Why the rear view mirror is like a crystal ball for marketers predicting the future

Why is it so important that it took 111 years for Ireland to beat the ABs? Would it have been more or less significant if it had been 10 years? Or, if we hadn’t known how many years? We’d have been more distraught if we’d lost to England or the Wallabies, for sure. Whereas the Irish? Well what’s not to like about them.

Is past behaviour the best predictor of future behaviour?

Because the future is such uncertain territory, people place great weight on the evidence of the past. So, 111 years of victory made a win for the All Blacks ‘feel’ like a certainty. And that is because it is human nature to place undue weight on past events as a predictor of future events. But was it undue weight? Yes it was, because the better predictor was the All Blacks’ current form, their state of mind, fitness, focus and player availability, plus the form of the Irish team. Experts on the game might well have been much more rational and much less certain about the outcome, whereas most of us relied on the misguided weight of 111 years.

The emotional story was 111 years of winning against the Irish – despite the rational fact that for both the All Blacks and the Irish the make up of the teams for each historic game was different from the teams that faced each other in Chicago.

The lesson for brands is not just that peoples’ opinions are strongly influenced by their emotions but also that people’s knowledge of and history with a brand is something we should take note of, as it is the reason it is hard for brands to shift peoples’ associations and behaviour.

The growing body of knowledge in the behavioural sciences supplies proof points in the form of habitual behaviour patterns and the embedded cognitive biases that lead us to make the same errors of judgement over and over again. In the field of therapy, behavioural psychologists know the power of past behaviour and understand the necessity of disrupting historical behaviour patterns as a means of establishing new and different behaviour. Marketers in turn experience the impact that disrupting established behaviour can have both to achieve positive and sometimes disastrously negative outcomes.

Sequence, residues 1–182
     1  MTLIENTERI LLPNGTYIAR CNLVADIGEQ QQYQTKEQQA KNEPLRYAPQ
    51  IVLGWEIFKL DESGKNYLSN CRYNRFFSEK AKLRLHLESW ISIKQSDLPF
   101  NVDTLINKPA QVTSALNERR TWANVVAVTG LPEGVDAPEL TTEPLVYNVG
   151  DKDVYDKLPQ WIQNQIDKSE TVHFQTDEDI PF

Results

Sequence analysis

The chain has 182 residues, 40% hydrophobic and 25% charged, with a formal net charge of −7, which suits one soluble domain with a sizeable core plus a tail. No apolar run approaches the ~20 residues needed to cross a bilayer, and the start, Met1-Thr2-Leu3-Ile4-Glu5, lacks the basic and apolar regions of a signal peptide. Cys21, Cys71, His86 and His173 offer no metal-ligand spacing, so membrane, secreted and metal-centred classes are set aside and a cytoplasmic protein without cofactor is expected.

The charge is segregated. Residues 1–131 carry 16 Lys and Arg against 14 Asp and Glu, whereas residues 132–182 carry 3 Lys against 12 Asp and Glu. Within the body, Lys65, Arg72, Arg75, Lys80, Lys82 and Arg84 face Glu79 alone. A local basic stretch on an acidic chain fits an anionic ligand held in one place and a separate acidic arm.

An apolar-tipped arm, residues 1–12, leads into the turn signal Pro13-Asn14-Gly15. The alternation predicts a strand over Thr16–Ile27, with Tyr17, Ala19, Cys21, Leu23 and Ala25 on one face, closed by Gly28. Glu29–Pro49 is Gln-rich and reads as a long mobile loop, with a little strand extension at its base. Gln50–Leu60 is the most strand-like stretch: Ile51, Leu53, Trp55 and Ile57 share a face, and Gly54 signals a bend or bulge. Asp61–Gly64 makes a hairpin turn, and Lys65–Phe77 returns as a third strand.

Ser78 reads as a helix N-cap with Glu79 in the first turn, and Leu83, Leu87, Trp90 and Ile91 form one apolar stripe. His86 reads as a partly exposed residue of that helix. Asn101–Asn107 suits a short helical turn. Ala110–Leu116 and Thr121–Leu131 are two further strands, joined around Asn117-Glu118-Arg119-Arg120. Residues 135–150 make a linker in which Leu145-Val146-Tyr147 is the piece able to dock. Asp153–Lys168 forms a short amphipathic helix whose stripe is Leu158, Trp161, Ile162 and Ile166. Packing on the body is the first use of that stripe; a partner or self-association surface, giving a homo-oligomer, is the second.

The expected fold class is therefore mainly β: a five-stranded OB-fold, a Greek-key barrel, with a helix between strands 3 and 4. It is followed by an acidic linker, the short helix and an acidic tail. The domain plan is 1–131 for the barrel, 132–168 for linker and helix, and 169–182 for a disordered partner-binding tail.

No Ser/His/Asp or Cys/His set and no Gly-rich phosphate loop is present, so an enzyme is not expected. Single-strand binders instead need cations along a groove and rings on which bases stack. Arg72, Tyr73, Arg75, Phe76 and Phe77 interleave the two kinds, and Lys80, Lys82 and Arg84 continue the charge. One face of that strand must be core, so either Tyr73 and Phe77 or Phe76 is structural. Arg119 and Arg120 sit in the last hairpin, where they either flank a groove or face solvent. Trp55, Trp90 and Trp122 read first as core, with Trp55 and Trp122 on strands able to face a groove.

The idea that Ireland might beat the All Blacks after a 111-year drought, fuelled the thrill of suspenseful excitement tempered by a deep-seated expectation that it wouldn’t happen. The last 10 minutes of the game fed that belief. The men in black would surely do as they always do and perform some magic to secure a win, just as they had for 111 years. Our brains simply put more weight on recent experience than open minded evaluation.

People are comforted when they know how things are going to pan out, we are hard wired to balance a little risk taking with a lot of certainty. It’s a good survival strategy and the certainty is based on what has happened before. If it didn’t kill me last time, it probably won’t kill me next time. It’s called status quo bias and it’s supported by a number of other biases that make us risk averse. But let’s not forget the counter desire to take a few risks – risk management is also a survival strategy because it opens up possibilities to increase favourable outcomes – the new food I find might kill me but it might be more nutritious and not kill me.

For brands that want to challenge status quo biases and incorrect expectations (for example people’s expectations anchored in an historic version or experience of the brand) they will have to reframe the future in such a way that things are not as predictable as people think. It’s a brave strategy but, for example, if someone has owned several cars of a particular marque and all have been reliable, it is likely they will opt for the status quo for future decisions.

How can a competitor trigger a reappraisal of that decision? What if they were to make uncertainty attractive: “the thrill of suspenseful excitement” would swing the balance toward the potential reward of an emotionally fuelled risk strategy versus a safe status quo decision. It sounds challenging, but pounding people with rational product differentiators is certainly not going to work. We are in an era of experientialism, so if ever there was a time for these types of strategies it is now.

Objects in the mirror are closer than you think

With thanks to Meatloaf for a set of lyrics that not even he could explain, but which does bring me to the point about the value of looking into the rear view mirror where insights into the future may be closer than you think.